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Round barrow cemetery 330m east of Linden Lea

List Entry Summary

This monument is scheduled under the Ancient Monuments and Archaeological Areas Act 1979 as amended as it appears to the Secretary of State to be of national importance. This entry is a copy, the original is held by the Department for Culture, Media and Sport.

Name: Round barrow cemetery 330m east of Linden Lea

List entry Number: 1020300

Location

The monument may lie within the boundary of more than one authority.

County:

District: City of Peterborough

District Type: Unitary Authority

Parish: Orton Waterville

National Park: Not applicable to this List entry.

Grade: Not applicable to this List entry.

Date first scheduled: 13-Jun-1968

Date of most recent amendment: 25-Jun-2001

Legacy System Information

The contents of this record have been generated from a legacy data system.

Legacy System: RSM

UID: 33359

Asset Groupings

This list entry does not comprise part of an Asset Grouping. Asset Groupings are not part of the official record but are added later for information.

List entry Description

Summary of Monument

Legacy Record - This information may be included in the List Entry Details.

Reasons for Designation

Round barrow cemeteries date to the Bronze Age (c.2000-700 BC). They comprise closely-spaced groups of up to 30 round barrows - rubble or earthen mounds covering single or multiple burials. Most cemeteries developed over a considerable period of time, often many centuries, and in some cases acted as a focus for burials as late as the early medieval period. They exhibit considerable diversity of burial rite, plan and form, frequently including several different types of round barrow, occasionally associated with earlier long barrows. Where large scale investigation has been undertaken around them, contemporary or later "flat" burials between the barrow mounds have often been revealed. Round barrow cemeteries occur across most of lowland Britain, with a marked concentration in Wessex. In some cases, they are clustered around other important contemporary monuments such as henges. Often occupying prominent locations, they are a major historic element in the modern landscape, whilst their diversity and their longevity as a monument type provide important information on the variety of beliefs and social organisation amongst early prehistoric communities. They are particularly representative of their period and a substantial proportion of surviving or partly-surviving examples are considered worthy of protection.

The round barrow cemetery 330m east of Linden Lea is part of an important prehistoric landscape in the Nene Valley and is amongst the rare surviving examples of Bronze Age cemeteries in this area, most of which have been destroyed by ploughing. As a result of partial excavation in 1989 the remains are quite well understood, while significant archaeological deposits survive intact.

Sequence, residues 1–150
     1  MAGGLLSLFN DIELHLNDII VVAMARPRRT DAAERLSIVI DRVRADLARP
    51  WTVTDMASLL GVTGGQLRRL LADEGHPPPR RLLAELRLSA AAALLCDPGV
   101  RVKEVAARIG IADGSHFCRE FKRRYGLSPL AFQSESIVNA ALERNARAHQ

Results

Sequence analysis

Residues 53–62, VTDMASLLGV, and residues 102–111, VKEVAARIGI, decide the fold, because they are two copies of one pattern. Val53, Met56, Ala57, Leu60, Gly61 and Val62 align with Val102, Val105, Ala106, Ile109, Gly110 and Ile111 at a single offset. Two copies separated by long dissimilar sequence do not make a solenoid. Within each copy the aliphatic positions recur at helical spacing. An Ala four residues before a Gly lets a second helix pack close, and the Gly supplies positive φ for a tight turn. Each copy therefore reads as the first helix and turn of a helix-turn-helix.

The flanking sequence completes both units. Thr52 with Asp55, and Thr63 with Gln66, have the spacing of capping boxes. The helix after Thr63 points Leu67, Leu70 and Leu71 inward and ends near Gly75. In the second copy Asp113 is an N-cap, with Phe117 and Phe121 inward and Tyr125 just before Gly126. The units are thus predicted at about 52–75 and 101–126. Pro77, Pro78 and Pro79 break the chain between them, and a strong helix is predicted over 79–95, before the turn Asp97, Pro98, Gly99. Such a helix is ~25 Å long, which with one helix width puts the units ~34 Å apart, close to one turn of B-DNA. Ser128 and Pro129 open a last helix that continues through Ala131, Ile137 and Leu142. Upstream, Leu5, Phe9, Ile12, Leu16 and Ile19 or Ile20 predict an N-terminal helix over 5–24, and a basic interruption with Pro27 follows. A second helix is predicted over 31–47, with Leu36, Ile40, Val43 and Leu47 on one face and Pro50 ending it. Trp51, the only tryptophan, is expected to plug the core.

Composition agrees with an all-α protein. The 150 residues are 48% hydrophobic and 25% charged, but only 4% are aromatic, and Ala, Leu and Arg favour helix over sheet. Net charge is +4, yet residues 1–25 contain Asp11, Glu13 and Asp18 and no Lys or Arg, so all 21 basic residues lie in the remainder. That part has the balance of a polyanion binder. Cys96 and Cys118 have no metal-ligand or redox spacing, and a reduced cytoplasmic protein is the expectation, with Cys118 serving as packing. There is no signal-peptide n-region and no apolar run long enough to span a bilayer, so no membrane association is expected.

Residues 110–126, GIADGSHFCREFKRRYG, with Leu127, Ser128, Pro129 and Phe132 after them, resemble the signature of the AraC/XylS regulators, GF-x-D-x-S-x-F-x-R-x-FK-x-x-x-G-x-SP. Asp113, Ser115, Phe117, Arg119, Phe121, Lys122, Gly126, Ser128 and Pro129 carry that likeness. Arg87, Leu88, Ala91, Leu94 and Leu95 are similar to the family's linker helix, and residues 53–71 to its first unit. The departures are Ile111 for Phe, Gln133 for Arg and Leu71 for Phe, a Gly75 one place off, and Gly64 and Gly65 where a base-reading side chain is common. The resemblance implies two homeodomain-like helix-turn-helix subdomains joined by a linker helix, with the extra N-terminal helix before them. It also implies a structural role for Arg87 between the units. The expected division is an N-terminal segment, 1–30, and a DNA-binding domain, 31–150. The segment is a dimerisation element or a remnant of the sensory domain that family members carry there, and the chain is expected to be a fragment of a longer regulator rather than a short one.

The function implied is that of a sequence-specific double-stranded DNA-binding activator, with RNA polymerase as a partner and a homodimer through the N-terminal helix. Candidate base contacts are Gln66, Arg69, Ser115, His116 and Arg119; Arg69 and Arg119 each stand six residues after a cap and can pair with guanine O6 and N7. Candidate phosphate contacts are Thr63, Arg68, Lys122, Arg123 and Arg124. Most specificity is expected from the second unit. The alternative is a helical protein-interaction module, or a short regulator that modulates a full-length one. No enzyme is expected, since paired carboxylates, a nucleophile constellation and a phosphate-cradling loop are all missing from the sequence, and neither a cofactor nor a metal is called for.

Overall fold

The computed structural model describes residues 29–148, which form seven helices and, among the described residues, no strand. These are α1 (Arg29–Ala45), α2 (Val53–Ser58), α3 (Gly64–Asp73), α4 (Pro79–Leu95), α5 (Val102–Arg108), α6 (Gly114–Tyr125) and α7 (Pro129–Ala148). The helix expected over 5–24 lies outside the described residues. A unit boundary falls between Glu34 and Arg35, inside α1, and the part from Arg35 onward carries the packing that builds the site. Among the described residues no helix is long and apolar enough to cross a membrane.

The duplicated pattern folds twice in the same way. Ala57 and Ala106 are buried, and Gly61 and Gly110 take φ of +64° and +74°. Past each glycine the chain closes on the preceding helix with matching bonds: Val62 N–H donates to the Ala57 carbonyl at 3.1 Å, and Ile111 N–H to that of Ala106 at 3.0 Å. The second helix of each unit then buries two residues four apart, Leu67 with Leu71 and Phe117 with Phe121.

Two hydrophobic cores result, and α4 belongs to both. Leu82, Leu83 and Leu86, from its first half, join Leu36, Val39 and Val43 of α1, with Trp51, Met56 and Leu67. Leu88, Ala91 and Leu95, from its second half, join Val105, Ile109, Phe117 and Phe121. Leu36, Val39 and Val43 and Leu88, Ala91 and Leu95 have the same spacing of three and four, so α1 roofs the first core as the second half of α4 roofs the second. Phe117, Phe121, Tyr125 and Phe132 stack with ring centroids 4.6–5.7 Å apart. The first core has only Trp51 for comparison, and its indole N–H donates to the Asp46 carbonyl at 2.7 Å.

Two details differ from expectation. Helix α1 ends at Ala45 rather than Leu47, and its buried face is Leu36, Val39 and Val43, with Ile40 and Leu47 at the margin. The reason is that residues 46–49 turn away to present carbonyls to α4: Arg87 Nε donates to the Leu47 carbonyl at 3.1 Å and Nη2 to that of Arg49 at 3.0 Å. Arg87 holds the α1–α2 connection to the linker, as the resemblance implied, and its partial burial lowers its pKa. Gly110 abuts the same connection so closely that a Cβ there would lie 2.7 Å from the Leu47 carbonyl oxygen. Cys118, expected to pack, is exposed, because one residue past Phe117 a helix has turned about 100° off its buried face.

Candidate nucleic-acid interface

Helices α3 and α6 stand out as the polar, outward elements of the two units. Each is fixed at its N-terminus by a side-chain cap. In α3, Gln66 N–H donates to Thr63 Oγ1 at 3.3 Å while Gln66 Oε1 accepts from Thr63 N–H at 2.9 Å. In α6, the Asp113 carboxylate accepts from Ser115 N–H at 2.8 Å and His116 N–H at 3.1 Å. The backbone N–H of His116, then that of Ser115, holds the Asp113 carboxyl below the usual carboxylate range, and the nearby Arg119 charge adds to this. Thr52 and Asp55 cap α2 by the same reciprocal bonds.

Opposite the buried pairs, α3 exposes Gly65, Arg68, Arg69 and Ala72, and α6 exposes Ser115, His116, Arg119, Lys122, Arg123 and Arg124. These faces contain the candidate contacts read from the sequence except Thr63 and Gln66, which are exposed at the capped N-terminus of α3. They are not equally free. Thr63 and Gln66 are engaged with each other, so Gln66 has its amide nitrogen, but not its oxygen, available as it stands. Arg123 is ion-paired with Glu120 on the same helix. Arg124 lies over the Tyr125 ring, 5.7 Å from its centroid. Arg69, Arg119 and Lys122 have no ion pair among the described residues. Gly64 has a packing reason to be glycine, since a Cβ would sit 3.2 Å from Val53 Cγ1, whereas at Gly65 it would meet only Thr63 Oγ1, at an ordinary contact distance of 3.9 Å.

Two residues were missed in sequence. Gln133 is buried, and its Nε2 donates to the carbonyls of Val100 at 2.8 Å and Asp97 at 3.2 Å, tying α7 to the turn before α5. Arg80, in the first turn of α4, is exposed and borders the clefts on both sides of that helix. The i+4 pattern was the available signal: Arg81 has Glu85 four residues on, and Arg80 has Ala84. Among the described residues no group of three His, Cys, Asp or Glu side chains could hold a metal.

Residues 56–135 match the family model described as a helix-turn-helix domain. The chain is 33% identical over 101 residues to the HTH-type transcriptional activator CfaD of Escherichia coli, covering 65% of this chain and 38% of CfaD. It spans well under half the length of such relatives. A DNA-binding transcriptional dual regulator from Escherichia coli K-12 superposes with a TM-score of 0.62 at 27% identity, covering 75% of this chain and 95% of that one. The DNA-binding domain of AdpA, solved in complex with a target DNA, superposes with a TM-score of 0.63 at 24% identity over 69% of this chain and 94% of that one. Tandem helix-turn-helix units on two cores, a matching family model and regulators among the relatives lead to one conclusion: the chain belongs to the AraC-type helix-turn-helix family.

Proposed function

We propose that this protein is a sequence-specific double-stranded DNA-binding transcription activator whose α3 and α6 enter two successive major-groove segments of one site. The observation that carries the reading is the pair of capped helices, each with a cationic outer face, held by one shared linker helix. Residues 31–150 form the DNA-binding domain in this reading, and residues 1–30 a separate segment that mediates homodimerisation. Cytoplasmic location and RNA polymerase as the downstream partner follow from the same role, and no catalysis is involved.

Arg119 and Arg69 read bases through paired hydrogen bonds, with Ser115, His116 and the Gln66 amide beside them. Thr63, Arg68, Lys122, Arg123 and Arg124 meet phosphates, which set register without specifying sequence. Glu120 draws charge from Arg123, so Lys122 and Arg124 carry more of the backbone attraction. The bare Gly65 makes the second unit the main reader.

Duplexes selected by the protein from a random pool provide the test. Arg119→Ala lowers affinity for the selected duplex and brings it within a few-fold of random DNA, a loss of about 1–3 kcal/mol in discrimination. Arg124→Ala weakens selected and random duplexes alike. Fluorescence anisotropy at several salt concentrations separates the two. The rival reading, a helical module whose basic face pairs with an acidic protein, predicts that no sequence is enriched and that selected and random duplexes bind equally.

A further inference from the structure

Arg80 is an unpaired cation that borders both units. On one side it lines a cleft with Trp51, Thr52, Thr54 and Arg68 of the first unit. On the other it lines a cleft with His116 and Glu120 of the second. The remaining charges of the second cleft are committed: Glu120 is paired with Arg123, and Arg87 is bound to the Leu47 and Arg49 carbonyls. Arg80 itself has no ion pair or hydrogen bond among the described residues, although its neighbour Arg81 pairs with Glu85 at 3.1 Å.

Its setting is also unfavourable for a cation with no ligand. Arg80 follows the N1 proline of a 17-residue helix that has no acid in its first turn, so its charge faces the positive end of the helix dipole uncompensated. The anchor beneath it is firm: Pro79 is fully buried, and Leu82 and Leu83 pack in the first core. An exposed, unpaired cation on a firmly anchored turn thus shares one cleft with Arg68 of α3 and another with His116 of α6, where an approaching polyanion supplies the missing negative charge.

These remains will retain valuable archaeological evidence contributing to an understanding of Bronze Age funerary ritual and the social and economic development of the region during this period.

History

Legacy Record - This information may be included in the List Entry Details.

Details

The monument includes a round barrow cemetery, situated approximately 330m east of Linden Lea on the east side of the A1139. The mounds of the barrows have been reduced by ploughing and are no longer visible. The ditches, from which earth was dug in the construction of the mounds, became infilled but survive as buried features visible as cropmarks on aerial photographs. The aerial photographs also reveal internal features, which may include burial pits.

In 1989 the ditches were partly excavated and found to be between 1m and 1.25m wide. The ditch of the northernmost barrow is approximately 20m in diameter and contained a worked Bronze Age flint. Nearby to the south east is another ditch with a diameter of 20m, within which two small pits are situated. Its south western neighbour is 20m in diameter. A trench across its south eastern edge revealed two or three superimposed ditches containing three pieces of worked flint, including one blade. Its north western corner interlinks with its western neighbour which has a diameter of 27m. The southernmost ditch is the largest in the group with a diameter of 30m.

The round barrow cemetery is thought to have formed part of a larger Bronze Age cemetery, as cropmark evidence 600m to the south west suggests. The survival of these barrows is, however, uncertain and they are not therefore included in the scheduling. In the medieval period the field in which the mounds stood was cultivated, leaving remains of ridge and furrow.

All fence posts are excluded from the scheduling, although the ground beneath them is included.

MAP EXTRACT The site of the monument is shown on the attached map extract. It includes a 10 metre boundary around the archaeological features, considered to be essential for the monument's support and preservation.

Selected Sources

Legacy Record - This information may be included in the List Entry Details

National Grid Reference: TL 14756 96119

Map

Map
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This copy shows the entry on 17-Dec-2017 at 04:26:41.

End of official listing